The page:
Based on the FOMC policy statement from the December FOMC meeting, combined with what I believe are the key comments from Powell’s post-FOMC media circus, for all intents and purposes the Fed has pivoted toward easing with respect to its interest rate policy. In addition, I believe there was a subtle signal – intentional or not – that points to the potential for an eventual pivot from QT to more QE. As such, I believe the Fed has triggered the next big move higher in the precious metals sector.

As an aside, I have to believe in order for the Fed to lay itself out like it did Wednesday, it must be seeing highly adverse events unfolding “behind the curtain” in the banking and economic system.

Here are the salient comments from Powell (sometimes my English major comes in handy):

“Policymakers are thinking we have done enough.” Translation: “put a fork in the rate hikes”

“We haven’t worked out if we will follow a threshold-based path for cutting rates.” Translation: “We’re already discussing the implementation of rate cuts.”

“You need to reduce restriction on the economy well before 2%.” This last statement is measured confirmation that the Fed will soon start to cut rates. But the term “restriction” is intentionally nebulous. The meaning can encompass both rate hikes and the expansion of the money supply. Rate cuts in 2024 are a foregone conclusion. However, based on the Fed’s actions this year in response to the banking crisis, I believe “reduce restriction” means that the Fed will take further action in 2024 to increase banking system liquidity though it will likely be forms that are different from overt QE.

Though the Fed reaffirmed that QT program will remain intact (for now), it has used other means to inject liquidity into the banking system. In March the $400 billion it printed to prevent even more regional banks from collapsing is one example. The Bank Term Funding Program, which increases in size almost weekly, hitting an all-time high last week, is another form of QE (the Fed takes long-maturity fixed income assets at par value from the banks in exchange for giving the banks capital – that’s QE).

In addition, the Reverse Repo Facility has declined from $2.55 trillion in December 2022 to $823 billion, or $1.7 trillion as of December 13th. While this does not affect the size of the Fed’s balance sheet, it has enabled the dissemination of that $1.7 trillion into the financial system. The facility served as a “holding tank” for a couple trillion dollars worth the over $4 trillion the Fed printed during the pandemic period.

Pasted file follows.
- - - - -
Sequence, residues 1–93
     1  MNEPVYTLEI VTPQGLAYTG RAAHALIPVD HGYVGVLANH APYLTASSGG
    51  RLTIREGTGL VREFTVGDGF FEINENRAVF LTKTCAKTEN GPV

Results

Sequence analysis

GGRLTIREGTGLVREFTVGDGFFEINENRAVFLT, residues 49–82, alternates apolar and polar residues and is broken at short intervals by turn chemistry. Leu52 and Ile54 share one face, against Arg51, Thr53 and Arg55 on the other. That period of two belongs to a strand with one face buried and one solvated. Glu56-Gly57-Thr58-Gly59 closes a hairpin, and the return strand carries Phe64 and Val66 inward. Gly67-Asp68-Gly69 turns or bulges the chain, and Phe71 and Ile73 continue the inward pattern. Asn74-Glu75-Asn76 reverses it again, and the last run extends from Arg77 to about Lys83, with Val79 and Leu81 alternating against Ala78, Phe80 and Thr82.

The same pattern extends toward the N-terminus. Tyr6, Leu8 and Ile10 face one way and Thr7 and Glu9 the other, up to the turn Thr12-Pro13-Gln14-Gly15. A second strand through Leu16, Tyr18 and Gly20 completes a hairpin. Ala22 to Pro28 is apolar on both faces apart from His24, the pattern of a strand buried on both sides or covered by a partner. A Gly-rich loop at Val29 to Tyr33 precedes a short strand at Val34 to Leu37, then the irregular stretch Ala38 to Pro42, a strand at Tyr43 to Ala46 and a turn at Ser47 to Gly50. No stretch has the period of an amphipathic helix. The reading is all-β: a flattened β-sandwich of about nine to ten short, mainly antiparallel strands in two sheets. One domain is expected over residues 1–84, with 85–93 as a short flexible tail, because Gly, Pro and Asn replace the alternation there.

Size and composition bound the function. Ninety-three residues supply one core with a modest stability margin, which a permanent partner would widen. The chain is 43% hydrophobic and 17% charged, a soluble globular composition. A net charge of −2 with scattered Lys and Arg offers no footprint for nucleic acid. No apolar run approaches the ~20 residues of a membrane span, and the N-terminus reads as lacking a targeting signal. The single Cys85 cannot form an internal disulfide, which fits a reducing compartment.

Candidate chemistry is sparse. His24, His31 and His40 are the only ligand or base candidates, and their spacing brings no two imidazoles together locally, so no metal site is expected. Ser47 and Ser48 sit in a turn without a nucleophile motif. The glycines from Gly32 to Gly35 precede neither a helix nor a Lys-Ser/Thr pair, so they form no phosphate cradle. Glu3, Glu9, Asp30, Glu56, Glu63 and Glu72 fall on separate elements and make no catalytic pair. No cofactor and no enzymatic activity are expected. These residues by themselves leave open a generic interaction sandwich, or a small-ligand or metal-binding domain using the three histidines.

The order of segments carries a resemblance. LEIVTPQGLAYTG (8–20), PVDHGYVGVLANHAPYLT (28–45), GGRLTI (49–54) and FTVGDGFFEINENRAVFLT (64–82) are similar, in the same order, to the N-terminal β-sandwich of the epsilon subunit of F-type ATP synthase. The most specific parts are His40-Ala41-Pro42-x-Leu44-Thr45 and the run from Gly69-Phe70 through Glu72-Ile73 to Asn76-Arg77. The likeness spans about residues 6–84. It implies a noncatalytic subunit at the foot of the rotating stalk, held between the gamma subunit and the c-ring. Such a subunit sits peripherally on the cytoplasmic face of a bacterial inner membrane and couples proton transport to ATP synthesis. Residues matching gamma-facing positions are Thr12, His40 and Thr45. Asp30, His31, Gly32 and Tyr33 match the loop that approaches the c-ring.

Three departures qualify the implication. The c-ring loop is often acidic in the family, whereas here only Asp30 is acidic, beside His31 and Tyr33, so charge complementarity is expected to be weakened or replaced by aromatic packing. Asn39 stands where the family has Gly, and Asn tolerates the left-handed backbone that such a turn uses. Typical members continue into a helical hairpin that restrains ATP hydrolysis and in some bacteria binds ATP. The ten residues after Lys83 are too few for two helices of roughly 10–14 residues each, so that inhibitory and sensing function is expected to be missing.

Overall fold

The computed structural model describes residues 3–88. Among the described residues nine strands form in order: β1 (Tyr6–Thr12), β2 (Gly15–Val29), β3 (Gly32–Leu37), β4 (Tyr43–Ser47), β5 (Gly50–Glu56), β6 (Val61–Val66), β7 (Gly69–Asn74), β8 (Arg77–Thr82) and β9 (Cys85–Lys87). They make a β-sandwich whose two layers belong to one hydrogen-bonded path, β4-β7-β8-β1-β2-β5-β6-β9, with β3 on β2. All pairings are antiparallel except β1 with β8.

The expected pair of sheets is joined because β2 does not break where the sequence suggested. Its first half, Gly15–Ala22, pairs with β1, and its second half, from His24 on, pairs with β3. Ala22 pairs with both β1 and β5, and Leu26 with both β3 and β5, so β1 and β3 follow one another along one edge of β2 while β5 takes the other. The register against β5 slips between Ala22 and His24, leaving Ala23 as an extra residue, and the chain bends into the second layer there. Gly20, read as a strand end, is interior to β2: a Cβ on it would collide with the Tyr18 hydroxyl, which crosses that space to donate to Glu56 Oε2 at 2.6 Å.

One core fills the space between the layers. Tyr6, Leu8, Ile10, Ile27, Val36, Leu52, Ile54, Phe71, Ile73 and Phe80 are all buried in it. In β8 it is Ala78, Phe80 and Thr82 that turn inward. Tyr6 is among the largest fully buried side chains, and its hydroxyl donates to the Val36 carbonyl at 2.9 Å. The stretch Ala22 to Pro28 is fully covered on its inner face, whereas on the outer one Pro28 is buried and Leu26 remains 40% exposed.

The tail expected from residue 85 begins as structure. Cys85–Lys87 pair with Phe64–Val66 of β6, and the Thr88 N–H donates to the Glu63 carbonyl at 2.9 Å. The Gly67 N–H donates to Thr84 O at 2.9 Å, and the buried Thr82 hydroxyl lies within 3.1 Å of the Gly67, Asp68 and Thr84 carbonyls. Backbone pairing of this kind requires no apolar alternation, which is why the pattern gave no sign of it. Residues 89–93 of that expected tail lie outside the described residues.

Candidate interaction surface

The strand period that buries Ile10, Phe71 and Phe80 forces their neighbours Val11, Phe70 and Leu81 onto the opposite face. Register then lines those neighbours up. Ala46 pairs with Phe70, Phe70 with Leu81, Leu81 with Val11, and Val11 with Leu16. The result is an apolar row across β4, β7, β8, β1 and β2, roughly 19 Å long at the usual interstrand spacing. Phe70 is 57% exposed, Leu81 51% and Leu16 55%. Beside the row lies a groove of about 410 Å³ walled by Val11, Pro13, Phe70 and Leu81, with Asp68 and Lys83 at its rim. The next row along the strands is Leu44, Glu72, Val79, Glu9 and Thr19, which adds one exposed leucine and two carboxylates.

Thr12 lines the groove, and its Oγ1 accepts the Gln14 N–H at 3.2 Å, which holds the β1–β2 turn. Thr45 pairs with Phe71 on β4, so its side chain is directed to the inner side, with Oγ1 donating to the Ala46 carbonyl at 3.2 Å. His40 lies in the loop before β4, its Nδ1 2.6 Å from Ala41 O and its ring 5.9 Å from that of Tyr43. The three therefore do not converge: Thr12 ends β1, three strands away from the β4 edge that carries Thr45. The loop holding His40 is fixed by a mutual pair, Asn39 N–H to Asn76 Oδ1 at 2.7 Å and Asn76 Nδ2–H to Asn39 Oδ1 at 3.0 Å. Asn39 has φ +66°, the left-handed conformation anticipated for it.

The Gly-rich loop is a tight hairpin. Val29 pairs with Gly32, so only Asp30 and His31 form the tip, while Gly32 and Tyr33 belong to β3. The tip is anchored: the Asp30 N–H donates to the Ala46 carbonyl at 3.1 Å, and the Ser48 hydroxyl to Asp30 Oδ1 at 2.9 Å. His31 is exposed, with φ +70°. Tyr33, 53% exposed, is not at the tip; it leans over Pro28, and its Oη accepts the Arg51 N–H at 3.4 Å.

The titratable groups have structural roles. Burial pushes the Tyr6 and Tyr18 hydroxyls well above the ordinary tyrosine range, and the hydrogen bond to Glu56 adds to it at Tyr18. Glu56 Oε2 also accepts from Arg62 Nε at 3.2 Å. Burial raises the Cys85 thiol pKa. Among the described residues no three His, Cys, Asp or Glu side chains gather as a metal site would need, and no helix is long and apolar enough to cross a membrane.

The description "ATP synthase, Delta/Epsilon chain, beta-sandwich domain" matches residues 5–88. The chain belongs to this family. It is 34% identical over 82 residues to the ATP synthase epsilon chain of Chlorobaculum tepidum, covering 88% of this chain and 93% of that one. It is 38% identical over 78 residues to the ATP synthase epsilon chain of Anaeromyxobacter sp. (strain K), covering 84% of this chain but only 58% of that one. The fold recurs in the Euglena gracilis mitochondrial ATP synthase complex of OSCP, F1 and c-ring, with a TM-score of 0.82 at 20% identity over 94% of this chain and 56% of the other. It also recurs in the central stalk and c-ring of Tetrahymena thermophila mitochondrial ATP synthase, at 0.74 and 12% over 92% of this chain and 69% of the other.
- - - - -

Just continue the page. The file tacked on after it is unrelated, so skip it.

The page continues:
The facility was a way to withhold that money from the financial system and real economy in order to avert even worse inflation. The Fed could incentivize the retention of funds in that facility by raising the rate it pays. Instead it has let it leak out over the last 12 months because it is needed either to help fund new Treasury debt issuance or shore up banking system liquidity. Though the CPI will be rigged to hide it, this liquidity will stimulate price inflation.

More opaque is a $500 billion bailout facility created in 2021 called the Standing Repo Facility. This facility was the successor to the repo operations that began in September 2019. Establishing it in 2021 was done to make sure that the start of bailout measures are already in place when the next big bank crisis hits. This is different from the BTFP because the BTFP is open to any and all banking institutions. The Standing Repo Facility is limited to the list of primary dealers, which are the big banks, domestic and foreign, that have been approved to help underwrite and fund Treasury debt auctions. The SRF is, in effect, a ready-made QE facility the banks determined to be systemically important.

The Fed thus has in place a couple different avenues available by which it can inject liquidity into the domestic and international banking system as needed and it can direct this liquidity at specific banks. Just recently, a little-known bank outside of Japan was added to the list of banks on the Standing Repo Facility. This is why I maintain the view that the Fed has already been engaged in subtle forms of quantitative easing.

The point I’m making is that, despite the FOMC’s affirmation that it will continue with its balance sheet reduction plan, it’s an optical illusion. The next phase of quantitative easing, also known as “money printing,” has begun and precious metals investors have been given the green light to invest aggressively in the sector.